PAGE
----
Belarus election: Voices of hope and apathy

Al Jazeera talked to Belarussians ahead of the vote expected to give President Lukashenko another five-year term.

[Jonathan Brown/Al Jazeera]
Relations with Russia and Europe are on the minds of many Belarussians [Jimmy Hutcheon/Al Jazeera]

Minsk, Belarus – Belarussians voted on Sunday in elections that most predict will be won by President Alexander Lukashenko, a hardline leader who has governed the country for the past 20 years.

Bright red-and-green posters advertising the elections are omnipresent in the capital, but the mood on the street is largely apathetic.

Violent protests marked Lukashenko’s controversial re-election in 2010, which ended with the imprisonment of opposition leaders for years.

This time around, many in Minsk were reluctant to voice their political opinions, fearing punitive responses from the government.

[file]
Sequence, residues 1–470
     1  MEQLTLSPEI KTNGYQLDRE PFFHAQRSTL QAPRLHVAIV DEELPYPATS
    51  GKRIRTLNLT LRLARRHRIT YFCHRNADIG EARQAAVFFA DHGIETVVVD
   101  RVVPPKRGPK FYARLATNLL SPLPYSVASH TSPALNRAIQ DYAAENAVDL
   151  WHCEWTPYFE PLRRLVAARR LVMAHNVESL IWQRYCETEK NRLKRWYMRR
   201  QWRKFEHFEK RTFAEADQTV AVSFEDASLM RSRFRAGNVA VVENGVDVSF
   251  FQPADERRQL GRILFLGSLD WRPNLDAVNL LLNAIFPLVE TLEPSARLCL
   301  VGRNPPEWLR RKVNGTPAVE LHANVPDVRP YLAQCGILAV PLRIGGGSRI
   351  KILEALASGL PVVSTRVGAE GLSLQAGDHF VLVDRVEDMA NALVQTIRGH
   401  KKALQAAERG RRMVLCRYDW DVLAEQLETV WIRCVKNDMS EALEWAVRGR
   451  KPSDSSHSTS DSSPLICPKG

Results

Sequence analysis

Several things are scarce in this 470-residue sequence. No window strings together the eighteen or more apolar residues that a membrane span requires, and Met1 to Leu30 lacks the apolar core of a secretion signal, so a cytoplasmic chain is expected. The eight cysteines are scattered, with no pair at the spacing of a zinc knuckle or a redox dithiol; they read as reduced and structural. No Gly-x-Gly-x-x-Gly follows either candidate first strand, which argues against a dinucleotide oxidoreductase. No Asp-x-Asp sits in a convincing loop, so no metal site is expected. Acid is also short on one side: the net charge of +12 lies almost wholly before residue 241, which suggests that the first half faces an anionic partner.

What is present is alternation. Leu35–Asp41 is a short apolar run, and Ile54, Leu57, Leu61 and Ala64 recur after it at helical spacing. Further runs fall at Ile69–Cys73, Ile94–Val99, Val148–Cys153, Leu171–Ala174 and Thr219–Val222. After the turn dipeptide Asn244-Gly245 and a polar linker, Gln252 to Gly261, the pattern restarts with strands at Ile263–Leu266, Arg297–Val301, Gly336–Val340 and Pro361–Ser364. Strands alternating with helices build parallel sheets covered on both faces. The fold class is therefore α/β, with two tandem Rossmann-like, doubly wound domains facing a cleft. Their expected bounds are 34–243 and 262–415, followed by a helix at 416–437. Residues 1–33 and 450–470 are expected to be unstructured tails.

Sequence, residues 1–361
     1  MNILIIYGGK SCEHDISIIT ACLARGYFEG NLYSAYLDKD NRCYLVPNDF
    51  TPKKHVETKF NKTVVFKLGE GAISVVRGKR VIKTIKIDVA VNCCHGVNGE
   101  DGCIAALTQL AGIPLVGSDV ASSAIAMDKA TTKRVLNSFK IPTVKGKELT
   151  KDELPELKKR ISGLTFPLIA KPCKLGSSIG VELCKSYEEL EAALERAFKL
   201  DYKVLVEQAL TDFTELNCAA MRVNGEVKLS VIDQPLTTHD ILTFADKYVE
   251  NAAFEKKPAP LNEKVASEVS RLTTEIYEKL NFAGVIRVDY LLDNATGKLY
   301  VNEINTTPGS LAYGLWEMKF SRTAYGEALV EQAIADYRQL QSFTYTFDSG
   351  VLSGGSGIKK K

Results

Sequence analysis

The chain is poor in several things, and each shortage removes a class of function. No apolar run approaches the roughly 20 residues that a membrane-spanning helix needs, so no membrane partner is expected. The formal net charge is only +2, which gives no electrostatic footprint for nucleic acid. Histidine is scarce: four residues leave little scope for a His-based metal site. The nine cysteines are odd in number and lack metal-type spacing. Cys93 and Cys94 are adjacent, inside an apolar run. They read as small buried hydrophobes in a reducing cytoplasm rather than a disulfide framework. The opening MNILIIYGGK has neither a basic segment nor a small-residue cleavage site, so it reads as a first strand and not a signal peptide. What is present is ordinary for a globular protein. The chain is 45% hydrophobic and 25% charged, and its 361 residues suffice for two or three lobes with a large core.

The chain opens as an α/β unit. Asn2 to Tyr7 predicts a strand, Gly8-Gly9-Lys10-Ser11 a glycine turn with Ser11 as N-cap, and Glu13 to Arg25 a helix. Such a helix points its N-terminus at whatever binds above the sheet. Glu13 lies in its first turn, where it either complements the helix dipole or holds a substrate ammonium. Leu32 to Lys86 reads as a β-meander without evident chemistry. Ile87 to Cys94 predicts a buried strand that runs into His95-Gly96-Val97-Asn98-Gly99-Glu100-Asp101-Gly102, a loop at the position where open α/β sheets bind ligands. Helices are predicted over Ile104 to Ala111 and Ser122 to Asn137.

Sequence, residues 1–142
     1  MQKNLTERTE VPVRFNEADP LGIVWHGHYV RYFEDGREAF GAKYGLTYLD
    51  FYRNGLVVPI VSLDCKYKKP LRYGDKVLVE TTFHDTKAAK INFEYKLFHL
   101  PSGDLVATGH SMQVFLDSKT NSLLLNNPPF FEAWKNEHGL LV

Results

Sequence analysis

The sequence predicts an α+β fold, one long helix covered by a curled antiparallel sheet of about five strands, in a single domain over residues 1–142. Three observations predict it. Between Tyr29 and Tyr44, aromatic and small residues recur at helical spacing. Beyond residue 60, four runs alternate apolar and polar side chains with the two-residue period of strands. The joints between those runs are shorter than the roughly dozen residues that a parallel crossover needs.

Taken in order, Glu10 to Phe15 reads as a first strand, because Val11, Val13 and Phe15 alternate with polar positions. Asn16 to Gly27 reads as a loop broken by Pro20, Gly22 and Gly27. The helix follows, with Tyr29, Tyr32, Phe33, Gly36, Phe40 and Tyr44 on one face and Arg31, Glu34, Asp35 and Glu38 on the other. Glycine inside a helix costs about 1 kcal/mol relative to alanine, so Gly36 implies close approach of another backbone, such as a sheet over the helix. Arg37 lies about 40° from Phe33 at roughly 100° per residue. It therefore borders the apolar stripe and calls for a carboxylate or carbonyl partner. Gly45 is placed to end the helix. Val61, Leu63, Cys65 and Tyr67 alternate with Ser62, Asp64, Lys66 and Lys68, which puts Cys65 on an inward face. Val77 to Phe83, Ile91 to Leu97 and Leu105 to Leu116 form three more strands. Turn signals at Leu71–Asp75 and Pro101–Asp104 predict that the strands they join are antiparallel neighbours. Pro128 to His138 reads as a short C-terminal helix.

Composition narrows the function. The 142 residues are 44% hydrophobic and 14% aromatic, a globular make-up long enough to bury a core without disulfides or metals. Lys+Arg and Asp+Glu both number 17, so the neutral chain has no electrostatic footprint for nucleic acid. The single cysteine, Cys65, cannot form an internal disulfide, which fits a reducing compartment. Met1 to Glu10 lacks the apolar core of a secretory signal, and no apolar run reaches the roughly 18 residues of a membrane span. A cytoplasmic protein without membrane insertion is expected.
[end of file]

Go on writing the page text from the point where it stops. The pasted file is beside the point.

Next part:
Timour Khachtchevatsky, 40, IT manager
Timour Khachtchevatsky [Jimmy Hutcheon/Al Jazeera]
Timour Khachtchevatsky [Jimmy Hutcheon/Al Jazeera]

“I’m not going to participate in these elections because I consider them to be completely fake. The last 20 years [under Lukashenko] have been very bad. We have a dictatorship in Belarus that paralyses all political activity and almost all economic activity in this country.

“This has been the quietest election period because nobody even has any hope the elections will finish with any other outcome than Lukashenko being re-elected.